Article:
April 1st, 2021
With the arrival of April, so too comes World Autism Awareness Day and Autism Acceptance Month. These are both opportunities to recognize the importance of accepting, and supporting those on the Autism Spectrum in the Waterloo Region District School Board (WRDSB) so they can reach their full potential as learners and in life beyond school.
World Autism Awareness Day
In 2007, April 2 was designated as World Autism Awareness Day by the United Nations (UN) General Assembly to increase autism awareness and acceptance across the globe. In the WRDSB we continue to acknowledge this important day as we strive to gain a better understanding of neurodiversity.
The COVID-19 pandemic has exposed and heightened inequalities around the world. People who are on the Autism Spectrum have long faced many of these inequalities, which have only been further compounded by the pandemic. Growing our awareness and understanding of these barriers can help us to better address and dismantle them, to create a more welcoming and inclusive world.
The 2021 World Autism Awareness Day observance, hosted by the UN, will address these issues through a virtual event that will include moderated panel discussions with individuals on the Autism Spectrum who have themselves experienced these challenges.
The event is organized by the UN Department of Global Communications and UN Department of Economic and Social Affairs, in collaboration with the Specialisterne Foundation.
When: Thursday, April 8 at 10:00 am EST
Where: Register for the UN hosted event
Autism Acceptance Month
First recognized as National Autistic Children’s week in 1972 by the Autism Society, Autism Acceptance Month (AAM) is an opportunity to do more than just spread awareness, it is also a time to promote acceptance and ignite change.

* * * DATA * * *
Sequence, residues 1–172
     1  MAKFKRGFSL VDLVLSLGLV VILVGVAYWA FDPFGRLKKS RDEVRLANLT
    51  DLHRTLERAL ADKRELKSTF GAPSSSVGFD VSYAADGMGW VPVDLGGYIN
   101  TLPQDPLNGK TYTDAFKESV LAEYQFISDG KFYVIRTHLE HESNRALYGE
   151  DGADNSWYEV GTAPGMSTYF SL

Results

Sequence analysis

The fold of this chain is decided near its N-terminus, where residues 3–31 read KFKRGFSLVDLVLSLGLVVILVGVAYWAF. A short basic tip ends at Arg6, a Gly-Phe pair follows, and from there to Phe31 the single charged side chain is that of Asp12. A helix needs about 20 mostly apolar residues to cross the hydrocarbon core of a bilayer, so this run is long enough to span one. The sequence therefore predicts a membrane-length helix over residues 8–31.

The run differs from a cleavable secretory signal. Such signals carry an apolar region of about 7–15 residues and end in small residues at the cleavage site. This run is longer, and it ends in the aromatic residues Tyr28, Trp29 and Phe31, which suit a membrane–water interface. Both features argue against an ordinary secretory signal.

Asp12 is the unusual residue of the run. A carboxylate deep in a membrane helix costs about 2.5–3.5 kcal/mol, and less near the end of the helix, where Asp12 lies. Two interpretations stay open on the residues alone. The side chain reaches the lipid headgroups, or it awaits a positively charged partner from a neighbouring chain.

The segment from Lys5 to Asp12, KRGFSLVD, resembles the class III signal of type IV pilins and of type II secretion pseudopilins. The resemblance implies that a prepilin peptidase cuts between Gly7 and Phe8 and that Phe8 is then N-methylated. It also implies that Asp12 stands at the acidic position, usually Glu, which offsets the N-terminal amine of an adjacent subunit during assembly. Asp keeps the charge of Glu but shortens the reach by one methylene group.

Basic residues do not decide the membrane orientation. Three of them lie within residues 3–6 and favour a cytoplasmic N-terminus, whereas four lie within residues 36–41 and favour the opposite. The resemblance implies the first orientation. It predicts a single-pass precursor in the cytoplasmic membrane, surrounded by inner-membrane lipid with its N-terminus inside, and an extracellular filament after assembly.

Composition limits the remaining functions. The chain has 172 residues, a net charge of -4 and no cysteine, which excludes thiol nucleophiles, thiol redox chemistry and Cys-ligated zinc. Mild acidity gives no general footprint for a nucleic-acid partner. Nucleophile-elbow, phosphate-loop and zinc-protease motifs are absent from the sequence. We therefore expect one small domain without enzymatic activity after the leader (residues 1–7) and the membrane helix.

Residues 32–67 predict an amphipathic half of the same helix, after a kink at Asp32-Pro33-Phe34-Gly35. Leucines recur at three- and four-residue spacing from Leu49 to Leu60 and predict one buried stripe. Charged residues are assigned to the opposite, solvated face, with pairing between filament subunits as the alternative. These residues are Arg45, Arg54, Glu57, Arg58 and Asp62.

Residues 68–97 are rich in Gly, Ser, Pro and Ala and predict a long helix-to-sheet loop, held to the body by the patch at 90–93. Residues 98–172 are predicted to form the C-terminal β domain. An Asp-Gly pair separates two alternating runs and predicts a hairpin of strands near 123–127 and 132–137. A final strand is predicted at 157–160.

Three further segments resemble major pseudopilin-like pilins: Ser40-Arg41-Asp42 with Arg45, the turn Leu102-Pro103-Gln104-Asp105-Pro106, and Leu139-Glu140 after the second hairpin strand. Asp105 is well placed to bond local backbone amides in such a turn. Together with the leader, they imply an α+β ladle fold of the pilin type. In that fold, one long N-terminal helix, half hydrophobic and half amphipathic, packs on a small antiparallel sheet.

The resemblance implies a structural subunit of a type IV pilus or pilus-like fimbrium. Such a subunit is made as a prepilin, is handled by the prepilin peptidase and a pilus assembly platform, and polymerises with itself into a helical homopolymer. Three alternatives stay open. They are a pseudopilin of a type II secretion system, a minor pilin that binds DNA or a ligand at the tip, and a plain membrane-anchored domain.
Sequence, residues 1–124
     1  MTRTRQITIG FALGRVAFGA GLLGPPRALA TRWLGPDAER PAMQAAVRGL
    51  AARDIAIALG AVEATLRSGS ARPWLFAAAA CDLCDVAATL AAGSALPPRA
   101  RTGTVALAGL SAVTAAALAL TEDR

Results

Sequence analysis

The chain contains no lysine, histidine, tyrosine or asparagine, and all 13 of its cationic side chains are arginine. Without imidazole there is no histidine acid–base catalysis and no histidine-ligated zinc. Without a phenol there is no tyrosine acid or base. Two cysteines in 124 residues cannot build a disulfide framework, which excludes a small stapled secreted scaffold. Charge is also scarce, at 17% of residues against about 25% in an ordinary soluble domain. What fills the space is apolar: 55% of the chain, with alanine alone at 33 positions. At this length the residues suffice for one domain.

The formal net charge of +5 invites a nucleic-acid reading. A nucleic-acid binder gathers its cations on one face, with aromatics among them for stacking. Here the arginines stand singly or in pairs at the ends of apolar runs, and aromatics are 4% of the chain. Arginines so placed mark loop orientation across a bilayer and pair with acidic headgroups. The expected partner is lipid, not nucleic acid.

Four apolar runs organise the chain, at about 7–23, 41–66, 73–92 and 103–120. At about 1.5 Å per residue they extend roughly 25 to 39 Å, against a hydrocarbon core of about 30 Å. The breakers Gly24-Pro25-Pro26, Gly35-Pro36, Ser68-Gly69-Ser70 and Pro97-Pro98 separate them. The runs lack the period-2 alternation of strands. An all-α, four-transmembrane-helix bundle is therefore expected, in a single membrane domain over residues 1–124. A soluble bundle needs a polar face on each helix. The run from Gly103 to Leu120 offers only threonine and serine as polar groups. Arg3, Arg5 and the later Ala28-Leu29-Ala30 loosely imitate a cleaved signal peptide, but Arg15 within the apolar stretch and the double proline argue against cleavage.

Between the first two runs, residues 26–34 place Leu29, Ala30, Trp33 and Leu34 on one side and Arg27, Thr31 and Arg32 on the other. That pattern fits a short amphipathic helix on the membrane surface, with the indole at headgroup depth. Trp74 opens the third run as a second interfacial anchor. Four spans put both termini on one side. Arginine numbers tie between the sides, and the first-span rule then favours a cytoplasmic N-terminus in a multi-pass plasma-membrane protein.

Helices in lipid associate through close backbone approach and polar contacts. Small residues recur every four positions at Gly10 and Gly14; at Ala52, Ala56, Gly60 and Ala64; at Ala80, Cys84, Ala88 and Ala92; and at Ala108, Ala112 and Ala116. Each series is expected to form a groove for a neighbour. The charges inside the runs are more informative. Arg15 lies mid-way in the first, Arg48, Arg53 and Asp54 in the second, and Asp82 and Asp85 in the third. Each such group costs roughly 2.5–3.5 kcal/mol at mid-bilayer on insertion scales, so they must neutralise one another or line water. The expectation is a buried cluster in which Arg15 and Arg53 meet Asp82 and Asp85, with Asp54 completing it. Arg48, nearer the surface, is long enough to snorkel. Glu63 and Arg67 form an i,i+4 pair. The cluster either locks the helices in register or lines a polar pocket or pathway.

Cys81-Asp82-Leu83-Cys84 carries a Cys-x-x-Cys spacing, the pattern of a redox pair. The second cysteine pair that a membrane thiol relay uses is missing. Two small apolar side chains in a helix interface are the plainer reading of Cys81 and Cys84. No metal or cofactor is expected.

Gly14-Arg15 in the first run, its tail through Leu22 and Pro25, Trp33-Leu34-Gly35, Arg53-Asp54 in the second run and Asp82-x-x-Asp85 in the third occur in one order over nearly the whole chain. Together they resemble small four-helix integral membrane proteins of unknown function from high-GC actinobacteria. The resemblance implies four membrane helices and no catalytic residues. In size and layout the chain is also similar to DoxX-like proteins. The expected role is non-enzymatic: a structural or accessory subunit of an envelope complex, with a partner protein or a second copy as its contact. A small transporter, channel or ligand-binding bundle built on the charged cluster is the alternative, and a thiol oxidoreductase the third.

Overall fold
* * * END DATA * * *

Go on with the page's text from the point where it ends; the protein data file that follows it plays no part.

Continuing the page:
Taking the step from awareness to acceptance is significant, as it symbolizes our collective efforts to improve support and opportunities for those on the Autism Spectrum throughout our school board to community – from education, to employment.
Supporting those on the Autism Spectrum in the WRDSB
In the WRDSB, our focus is to move beyond acceptance to support, to belonging and experiencing success.
Special Education programs range from those that provide support for students in regular classrooms to those offered in congregated classes. In the WRDSB, more than 14,000 students receive some form of Special Education support each year.
Our Special Education staff are dedicated professionals, who strive to help students reach their full potential. Day in, day out, they work to build and reinforce our culture of inclusion, equity, respect, understanding and collaboration.
We don’t do this work alone – it is informed by and in collaboration with our community partners and committees, such as the Special Education Advisory Committee (SEAC). The strength of our Special Education programs is further enhanced through the work of this enthusiastic group of advocates representing associations and organizations supporting students with special needs.
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